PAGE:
LBSC 690: Week 1 Computers and Networks Part I

1 / 24

# LBSC 690: Week 1 Computers and Networks Part I - PowerPoint PPT Presentation

LBSC 690: Week 1 Computers and Networks Part I Jen Golbeck College of Information Studies University of Maryland Goals By the end of this class, you will… Have a basic understanding of computers and networks Know how to think about “space”, “time”, and “speed”

I am the owner, or an agent authorized to act on behalf of the owner, of the copyrighted work described.

## PowerPoint Slideshow about 'LBSC 690: Week 1 Computers and Networks Part I' - Pat_Xavi

Download Policy: Content on the Website is provided to you AS IS for your information and personal use and may not be sold / licensed / shared on other websites without getting consent from its author.While downloading, if for some reason you are not able to download a presentation, the publisher may have deleted the file from their server.

- - - - - - - - - - - - - - - - - - - - - - - - - - E N D - - - - - - - - - - - - - - - - - - - - - - - - - -
Presentation Transcript

### LBSC 690: Week 1Computers and Networks Part I

Jen Golbeck

College of Information Studies

University of Maryland

Goals
• By the end of this class, you will…
• Have a basic understanding of computers and networks
• Know how to think about “space”, “time”, and “speed”
• Understand of how computers store data and move data around
• Be able to evaluate tradeoffs between different technologies
Binary
• 0s and 1s
• Like turning a switch on or off
• Called base-2 because you can represent two values with a single digit
• Compare to our normal system - decimal - or base 10, where you can represent 10 values with a single digit
• 1 =1
• 10 = 2
• 11 = 3
• 100 = 4
• 1000 = 8
A Very Brief History of Computing
• Computer = “a person who computes” (< 1940’s)
• Hardware: all developed for the government
• Mechanical: essentially a big adding machine
• Analog: designed for calculus, limited accuracy
• Digital: early machines filled a room
• Microchips: designed for missile guidance
• Software: initial applications were military
• Numeric: computing gun angles
• Symbolic: code-breaking
Commercial Developments
• Mainframes (1960’s)
• Minicomputers (1970’s)
• Personal computers (1980’s)
• Networked computers (1990’s)
• Ubiquitous and embedded computers (2000’s)
The Processing Cycle
• Input comes from somewhere
• Keyboard, mouse, microphone, camera, …
• Fetch data from memory
• The system does something with it
• Output goes somewhere
• Monitor, speaker, printer, robot controls, …
• Store data back into memory
Today’s Focus
• Storing and moving around data
• Within a computer
• Between computers
• Inside a single computer: connecting the processor with the memory
• Between multiple computers: computer networks
• What’s a bit?
• How much information can n bits represent?
• What’s the difference between decimal and binary?
• And octal?
Units of Size

How do hard drive manufactures “cheat” you?

• Total “transfer time” is what counts
• Time for first bit + time between first and last bits
• For long distances, the first factor is important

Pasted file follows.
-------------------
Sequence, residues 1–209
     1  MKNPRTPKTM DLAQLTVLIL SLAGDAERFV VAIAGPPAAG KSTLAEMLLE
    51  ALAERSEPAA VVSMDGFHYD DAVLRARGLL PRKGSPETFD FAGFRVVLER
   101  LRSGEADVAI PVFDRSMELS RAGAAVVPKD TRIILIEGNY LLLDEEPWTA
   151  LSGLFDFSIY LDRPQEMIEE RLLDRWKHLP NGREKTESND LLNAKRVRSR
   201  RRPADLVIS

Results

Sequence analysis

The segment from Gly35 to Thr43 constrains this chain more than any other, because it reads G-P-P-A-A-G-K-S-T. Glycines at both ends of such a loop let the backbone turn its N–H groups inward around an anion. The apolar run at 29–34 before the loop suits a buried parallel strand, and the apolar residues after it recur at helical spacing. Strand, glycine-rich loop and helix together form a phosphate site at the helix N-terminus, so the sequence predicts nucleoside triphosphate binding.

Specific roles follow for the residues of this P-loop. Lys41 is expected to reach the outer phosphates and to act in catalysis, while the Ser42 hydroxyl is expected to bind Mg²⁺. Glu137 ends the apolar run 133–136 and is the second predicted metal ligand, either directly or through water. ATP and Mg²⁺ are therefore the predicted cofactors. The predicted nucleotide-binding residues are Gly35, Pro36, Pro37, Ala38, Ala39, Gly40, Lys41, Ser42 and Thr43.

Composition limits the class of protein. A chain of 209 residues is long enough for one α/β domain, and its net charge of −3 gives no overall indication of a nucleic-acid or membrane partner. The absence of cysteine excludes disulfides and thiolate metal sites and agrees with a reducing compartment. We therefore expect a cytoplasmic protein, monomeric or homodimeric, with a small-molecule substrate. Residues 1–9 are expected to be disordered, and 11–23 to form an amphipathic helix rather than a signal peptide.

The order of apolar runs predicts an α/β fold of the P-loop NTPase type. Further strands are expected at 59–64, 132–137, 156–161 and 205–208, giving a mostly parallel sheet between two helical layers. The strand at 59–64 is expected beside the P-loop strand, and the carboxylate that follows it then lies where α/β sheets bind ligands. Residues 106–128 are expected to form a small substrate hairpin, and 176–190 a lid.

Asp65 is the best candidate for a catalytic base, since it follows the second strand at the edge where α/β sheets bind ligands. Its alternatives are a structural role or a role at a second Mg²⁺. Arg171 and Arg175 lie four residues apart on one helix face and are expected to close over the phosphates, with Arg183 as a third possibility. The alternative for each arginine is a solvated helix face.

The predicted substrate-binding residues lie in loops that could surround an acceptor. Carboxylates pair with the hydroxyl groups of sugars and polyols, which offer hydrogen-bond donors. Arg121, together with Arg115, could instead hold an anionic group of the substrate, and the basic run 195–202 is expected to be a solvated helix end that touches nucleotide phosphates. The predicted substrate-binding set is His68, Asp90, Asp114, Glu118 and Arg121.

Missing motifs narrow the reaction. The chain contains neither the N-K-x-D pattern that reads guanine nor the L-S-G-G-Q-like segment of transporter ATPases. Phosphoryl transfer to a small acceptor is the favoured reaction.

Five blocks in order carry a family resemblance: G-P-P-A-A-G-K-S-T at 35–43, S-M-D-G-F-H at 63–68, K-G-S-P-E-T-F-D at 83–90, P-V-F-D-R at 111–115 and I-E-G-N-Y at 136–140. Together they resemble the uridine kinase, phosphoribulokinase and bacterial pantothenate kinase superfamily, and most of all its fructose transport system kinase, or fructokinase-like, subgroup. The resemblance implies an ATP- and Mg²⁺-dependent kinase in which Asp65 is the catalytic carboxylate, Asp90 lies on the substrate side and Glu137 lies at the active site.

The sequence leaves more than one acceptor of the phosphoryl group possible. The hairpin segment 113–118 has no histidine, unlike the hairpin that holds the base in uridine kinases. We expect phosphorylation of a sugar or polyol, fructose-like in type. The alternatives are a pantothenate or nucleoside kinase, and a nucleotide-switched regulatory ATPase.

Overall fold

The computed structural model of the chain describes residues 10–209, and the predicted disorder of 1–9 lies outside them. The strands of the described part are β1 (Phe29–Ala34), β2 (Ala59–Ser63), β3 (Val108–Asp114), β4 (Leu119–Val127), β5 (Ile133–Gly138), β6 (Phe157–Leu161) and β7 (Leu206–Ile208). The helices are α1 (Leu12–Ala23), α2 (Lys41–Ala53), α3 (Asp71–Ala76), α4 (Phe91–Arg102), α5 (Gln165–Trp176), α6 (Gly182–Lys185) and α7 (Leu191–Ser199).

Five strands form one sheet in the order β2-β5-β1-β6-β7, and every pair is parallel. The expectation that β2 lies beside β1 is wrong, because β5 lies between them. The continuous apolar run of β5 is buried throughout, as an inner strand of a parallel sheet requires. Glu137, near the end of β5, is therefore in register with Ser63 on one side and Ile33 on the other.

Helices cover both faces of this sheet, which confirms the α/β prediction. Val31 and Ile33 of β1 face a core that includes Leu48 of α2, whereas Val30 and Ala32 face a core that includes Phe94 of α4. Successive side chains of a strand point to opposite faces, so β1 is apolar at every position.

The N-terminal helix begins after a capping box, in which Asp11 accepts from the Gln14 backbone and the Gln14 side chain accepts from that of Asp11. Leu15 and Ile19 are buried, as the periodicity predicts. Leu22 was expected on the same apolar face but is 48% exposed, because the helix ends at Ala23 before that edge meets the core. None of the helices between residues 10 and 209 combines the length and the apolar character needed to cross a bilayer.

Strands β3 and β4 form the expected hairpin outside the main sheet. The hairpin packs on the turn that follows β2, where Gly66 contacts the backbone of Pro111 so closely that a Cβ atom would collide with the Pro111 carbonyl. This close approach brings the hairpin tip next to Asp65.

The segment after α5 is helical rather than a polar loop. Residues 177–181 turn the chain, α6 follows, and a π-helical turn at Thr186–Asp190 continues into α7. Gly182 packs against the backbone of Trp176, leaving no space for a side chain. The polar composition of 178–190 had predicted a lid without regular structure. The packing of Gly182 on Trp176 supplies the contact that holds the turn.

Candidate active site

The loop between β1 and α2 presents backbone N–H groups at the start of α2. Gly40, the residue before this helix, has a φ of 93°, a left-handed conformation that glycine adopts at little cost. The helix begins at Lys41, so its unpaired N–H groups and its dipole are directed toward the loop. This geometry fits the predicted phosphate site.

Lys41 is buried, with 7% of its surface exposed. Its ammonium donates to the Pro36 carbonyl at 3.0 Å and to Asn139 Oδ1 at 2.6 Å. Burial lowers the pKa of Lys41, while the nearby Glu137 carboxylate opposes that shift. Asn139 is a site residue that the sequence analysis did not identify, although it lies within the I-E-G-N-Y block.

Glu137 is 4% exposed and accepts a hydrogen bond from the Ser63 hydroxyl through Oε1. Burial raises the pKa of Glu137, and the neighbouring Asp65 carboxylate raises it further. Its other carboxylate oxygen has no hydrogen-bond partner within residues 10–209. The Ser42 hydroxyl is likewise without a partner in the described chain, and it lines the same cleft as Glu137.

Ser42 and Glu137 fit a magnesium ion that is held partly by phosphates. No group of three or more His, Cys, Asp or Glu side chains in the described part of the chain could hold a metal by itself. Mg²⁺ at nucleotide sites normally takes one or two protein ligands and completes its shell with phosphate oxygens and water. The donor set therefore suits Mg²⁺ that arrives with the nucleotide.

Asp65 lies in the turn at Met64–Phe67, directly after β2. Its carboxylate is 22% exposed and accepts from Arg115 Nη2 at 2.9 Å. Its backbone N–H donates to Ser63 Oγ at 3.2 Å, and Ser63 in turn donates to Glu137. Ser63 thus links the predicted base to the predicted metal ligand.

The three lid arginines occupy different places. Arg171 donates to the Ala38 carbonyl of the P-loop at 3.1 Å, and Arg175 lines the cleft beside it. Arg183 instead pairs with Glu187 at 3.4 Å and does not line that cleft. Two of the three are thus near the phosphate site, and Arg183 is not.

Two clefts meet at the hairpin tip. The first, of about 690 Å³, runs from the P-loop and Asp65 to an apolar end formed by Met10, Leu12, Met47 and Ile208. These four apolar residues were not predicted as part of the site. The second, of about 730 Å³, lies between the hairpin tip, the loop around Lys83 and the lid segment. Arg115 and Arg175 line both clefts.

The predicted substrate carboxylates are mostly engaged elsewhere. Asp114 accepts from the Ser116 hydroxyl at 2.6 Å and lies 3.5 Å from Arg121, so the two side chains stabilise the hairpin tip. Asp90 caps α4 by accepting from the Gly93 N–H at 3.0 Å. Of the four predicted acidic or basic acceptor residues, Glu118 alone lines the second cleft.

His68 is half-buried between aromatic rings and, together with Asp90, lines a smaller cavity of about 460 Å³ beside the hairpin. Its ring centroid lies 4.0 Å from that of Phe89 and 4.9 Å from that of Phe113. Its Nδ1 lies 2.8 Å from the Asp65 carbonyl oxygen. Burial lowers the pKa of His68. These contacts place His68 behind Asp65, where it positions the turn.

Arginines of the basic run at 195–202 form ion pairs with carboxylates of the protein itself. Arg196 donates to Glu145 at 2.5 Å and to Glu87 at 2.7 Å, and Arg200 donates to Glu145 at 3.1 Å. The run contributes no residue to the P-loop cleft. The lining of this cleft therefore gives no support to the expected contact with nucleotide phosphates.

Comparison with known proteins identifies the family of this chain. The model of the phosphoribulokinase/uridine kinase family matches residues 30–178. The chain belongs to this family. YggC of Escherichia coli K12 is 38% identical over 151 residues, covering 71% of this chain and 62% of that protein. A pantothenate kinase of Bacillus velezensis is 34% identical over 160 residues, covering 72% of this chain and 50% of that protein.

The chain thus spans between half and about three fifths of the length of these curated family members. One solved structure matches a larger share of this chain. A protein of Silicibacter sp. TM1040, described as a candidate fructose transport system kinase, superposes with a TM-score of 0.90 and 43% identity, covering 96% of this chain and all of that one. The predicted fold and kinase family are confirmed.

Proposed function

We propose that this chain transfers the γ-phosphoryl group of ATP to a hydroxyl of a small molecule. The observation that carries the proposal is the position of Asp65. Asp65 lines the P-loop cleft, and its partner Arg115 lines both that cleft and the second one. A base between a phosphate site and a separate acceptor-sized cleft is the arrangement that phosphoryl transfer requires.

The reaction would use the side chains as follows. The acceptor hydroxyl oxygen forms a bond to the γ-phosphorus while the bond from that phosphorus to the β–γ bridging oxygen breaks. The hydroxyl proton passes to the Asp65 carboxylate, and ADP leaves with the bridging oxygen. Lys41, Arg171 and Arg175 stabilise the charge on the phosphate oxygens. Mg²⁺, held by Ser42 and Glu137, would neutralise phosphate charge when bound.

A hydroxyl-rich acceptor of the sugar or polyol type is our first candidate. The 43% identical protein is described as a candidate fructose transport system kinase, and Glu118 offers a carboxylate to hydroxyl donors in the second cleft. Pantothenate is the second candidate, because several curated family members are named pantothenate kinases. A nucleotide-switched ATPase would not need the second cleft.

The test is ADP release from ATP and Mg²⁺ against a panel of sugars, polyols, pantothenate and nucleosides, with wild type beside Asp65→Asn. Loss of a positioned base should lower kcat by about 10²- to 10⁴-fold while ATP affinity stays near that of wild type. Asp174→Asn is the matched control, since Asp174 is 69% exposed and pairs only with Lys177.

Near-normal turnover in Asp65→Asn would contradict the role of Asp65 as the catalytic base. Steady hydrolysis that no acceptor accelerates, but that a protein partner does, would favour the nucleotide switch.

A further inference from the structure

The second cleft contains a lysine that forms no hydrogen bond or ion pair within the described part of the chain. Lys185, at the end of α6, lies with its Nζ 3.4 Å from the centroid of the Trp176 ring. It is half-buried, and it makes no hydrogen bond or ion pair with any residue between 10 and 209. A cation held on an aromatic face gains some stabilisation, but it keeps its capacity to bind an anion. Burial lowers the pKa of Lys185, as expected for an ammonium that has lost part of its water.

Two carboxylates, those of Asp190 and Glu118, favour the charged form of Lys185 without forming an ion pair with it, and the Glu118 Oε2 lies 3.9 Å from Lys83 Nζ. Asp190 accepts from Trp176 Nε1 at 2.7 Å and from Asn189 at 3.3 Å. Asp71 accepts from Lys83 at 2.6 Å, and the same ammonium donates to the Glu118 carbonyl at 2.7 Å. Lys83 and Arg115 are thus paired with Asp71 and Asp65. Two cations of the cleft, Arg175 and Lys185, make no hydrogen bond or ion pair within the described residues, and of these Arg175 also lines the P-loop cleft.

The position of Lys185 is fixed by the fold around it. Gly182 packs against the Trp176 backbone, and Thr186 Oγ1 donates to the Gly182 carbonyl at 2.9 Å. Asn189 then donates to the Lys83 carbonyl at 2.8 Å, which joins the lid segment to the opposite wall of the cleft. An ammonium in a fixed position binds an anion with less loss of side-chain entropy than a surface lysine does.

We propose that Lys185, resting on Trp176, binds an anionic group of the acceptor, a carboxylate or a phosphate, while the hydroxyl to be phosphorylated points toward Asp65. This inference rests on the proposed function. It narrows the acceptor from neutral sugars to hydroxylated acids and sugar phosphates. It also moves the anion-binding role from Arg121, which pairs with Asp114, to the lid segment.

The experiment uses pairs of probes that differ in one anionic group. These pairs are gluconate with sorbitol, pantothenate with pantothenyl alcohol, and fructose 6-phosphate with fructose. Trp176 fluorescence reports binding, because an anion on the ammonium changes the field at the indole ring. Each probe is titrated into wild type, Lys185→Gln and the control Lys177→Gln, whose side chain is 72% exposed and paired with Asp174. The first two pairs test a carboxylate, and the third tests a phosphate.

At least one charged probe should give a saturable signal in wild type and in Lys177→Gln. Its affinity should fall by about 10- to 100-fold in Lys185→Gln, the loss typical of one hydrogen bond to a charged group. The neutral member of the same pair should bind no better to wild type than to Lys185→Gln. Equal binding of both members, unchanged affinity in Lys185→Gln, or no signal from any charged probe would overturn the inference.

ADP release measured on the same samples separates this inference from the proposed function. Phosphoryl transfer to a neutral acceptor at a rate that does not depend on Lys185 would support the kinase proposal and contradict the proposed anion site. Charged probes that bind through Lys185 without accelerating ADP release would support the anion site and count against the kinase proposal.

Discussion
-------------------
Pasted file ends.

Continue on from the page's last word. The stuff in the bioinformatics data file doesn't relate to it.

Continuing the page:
• California: 1/80 of a second (by optical fiber)
• London: 1/4 of a second (by satellite)
• For large files, the second factor dominates
• Number of bits per second is limited by physics
• Latency: the amount of time it takes data to travel from source to destination
• Bandwidth: the amount of data that can be transmitted in a fixed amount of time
• Speed can be expressed two ways:
• How long to do something once?
• Memory speed measured as “access time”
• How many things can you do in one second?
• Processor speed measured in “clock cycles per second”
• Bandwidth measured in “bits per second”
• Convenient units are typically used
• “10 microseconds” rather than “0.00001 seconds”
• When comparing speeds, convert units first!
Moore’s Law
• What is it?
• Gordon E. Moore, co-founder of Intel: number of components on an integrated circuit will double every 18 months (1965)
• Why is it important?
Aside: The Gigahertz Race
• Intel Pentium 4: 3.80 GHz
• Apple G5: 2.7 GHz
• Intel Core Duo: 2.0 GHz
• What does it mean?
• Which is actually faster?
• Why is this important for consumers?
The CPU and the Memory
• CPU (Central Processor Unit) – where actual computation is performed
• Memory – location of data on which computation is performed
• Bus – moves data from memory to and from CPU
• Desiderata for memory:
• Large
• Fast
• Cheap
Large, Fast, and Cheap Memory
• Impossible! (Why?)
• Engineering is all about compromise!

Small, but fast…

Large, but slow…

Locality
• Spatial locality: If the system fetched x, it is likely to fetch data located near x (Why?)
• Temporal locality: If the system fetched x, it is likely to fetch x again (Why?)
• Insight behind the storage hierarchy: move important data from slow, large memory to fast, small memory
• Cache: a place for concealment and safekeeping, as of valuables. (American Heritage Dict.)
• Caching strategies: what’s the most effective strategy for moving data around?
• Hard disk is larger than RAM but much slower
• 10 ms access time and 500 GB is typical
• 200,000x slower/100x bigger than RAM!
• > 10 million times slower than the CPU!
• The initial access is the slow part
• Subsequent bytes sent at 30 MB/sec (33 ns/byte)
• What happens if the data doesn’t all fit into RAM?
How Hard Drives Work

from Shelly, Cashman, Vermaatt’s Discovering Computers 2004

Related Issues
• Forensic Document Recovery
• Defragmentation
Summary So Far…
• For computation to occur, data must be moved to and from memory
• Different type of memories represent different tradeoffs
• Caching strategies and the storage hierarchy give us the best of both worlds